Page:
Pope.L, Forest (2012), graphite, ballpoint pen, and sweat on copy paper, 10.2 × 10.2 cm, courtesy Pope.L; Mitchell-Innes and Nash, New York; Susanne Vielmetter, Los Angeles

2016 was a year of wild speculations, burning insults, half-lies, and post-truth (Oxford Dictionaries’ Word of the Year). But even before the UK referendum, with its demonized immigrant laborers, or the U.S. election, followed by bipartisan accusations of Russian interference, Pope.L thought to make a whispering campaign.

Quiet as it’s kept, he is after a tone. His campaign is an abstraction or an atmosphere. It will seep in and permeate the real space and city infrastructures of Athens and Kassel in 2017. There are characters in both cities that are worth writing about, and Pope.L, who was born in New Jersey in 1955, has learned about them with the help of locals and native speakers, and encoded them into information to be whispered. The totality could be understood as a minor history of the two documenta 14 cities. Another way to attend to the campaign is to listen for patterns—music to the spy’s ear.

Here, Pope.L’s way with words becomes purely audible. Else-where, in his longest-lasting project to date (longer even than the Whispering Campaign for documenta 14, repeated in two cities, two time zones, for 163 days in total and twenty-four hours per day), there is a narration spelled out in felt markers or ballpoint pens, mostly on letter-size pages. We make out: blue people are the future; green people are hope without reason; red people are the tip for which the iceberg has been waiting; purple people are the end of orange people; black people are the window and the breaking of the window; gold people shit in their valet; red people are from mars, green people are from new jersey; brown people are the green ray; yellow people are runny; blue people are (if god created them and god created everything even non-everything so) blue people are the tears of god when it is sleeping; brown people are illegal immigrants; white people are a desalination plant in puerto rico; purple people are the pile of bodies on the television; xxixx xxxxxx xxx xxxx xrxxn xxxxxxx: 1, 7, 186, 4, 101. He calls them “Skin Set Drawings.” The world calls for sets and systems.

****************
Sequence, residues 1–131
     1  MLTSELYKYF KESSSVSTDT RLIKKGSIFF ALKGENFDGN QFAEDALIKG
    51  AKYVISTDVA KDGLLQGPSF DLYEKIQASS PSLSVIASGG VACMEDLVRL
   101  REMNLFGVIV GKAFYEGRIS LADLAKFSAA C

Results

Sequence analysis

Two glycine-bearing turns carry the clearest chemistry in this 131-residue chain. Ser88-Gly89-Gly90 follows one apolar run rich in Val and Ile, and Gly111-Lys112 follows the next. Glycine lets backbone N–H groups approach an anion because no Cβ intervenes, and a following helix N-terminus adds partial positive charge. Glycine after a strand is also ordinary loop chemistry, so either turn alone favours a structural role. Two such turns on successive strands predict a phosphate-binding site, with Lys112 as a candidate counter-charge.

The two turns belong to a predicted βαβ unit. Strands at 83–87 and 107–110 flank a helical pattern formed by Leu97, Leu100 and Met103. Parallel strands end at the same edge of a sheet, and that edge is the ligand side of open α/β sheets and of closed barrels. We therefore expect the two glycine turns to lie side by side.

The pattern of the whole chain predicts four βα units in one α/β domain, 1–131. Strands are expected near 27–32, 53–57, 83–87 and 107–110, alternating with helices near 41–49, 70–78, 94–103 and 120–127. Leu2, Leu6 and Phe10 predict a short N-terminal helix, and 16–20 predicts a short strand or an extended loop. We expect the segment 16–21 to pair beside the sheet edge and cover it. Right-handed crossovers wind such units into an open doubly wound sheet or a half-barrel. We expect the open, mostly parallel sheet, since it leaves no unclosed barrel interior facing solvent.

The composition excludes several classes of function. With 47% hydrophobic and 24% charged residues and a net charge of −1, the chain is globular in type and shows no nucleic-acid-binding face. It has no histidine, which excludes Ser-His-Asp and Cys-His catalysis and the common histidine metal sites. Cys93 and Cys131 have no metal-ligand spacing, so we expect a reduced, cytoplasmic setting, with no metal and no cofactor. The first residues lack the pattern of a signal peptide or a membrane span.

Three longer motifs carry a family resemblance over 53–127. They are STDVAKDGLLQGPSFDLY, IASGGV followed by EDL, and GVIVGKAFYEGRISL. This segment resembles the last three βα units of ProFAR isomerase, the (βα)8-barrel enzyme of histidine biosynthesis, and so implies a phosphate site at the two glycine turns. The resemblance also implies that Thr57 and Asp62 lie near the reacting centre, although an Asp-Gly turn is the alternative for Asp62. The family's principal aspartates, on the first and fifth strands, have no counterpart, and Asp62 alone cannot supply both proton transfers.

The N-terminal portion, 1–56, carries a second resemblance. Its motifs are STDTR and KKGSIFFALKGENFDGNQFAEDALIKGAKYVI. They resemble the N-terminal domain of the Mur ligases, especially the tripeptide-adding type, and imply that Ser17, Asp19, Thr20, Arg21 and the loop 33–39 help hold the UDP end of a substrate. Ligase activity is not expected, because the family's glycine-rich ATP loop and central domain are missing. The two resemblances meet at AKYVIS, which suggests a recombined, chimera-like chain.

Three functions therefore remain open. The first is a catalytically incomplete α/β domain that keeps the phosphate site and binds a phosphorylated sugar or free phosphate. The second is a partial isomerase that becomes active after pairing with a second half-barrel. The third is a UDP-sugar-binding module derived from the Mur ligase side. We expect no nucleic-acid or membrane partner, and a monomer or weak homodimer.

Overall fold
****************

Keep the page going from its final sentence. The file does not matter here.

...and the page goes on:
—Monika Szewczyk

Posted in Public Exhibition
Excerpted from the documenta 14: Daybook

Whispering Campaign (2016–17)​

by Pope.L

Performers spread whispers in the street—adding an unpredictable, living dimension to this wide-spread audio work, which quietly charts a minor history of the city.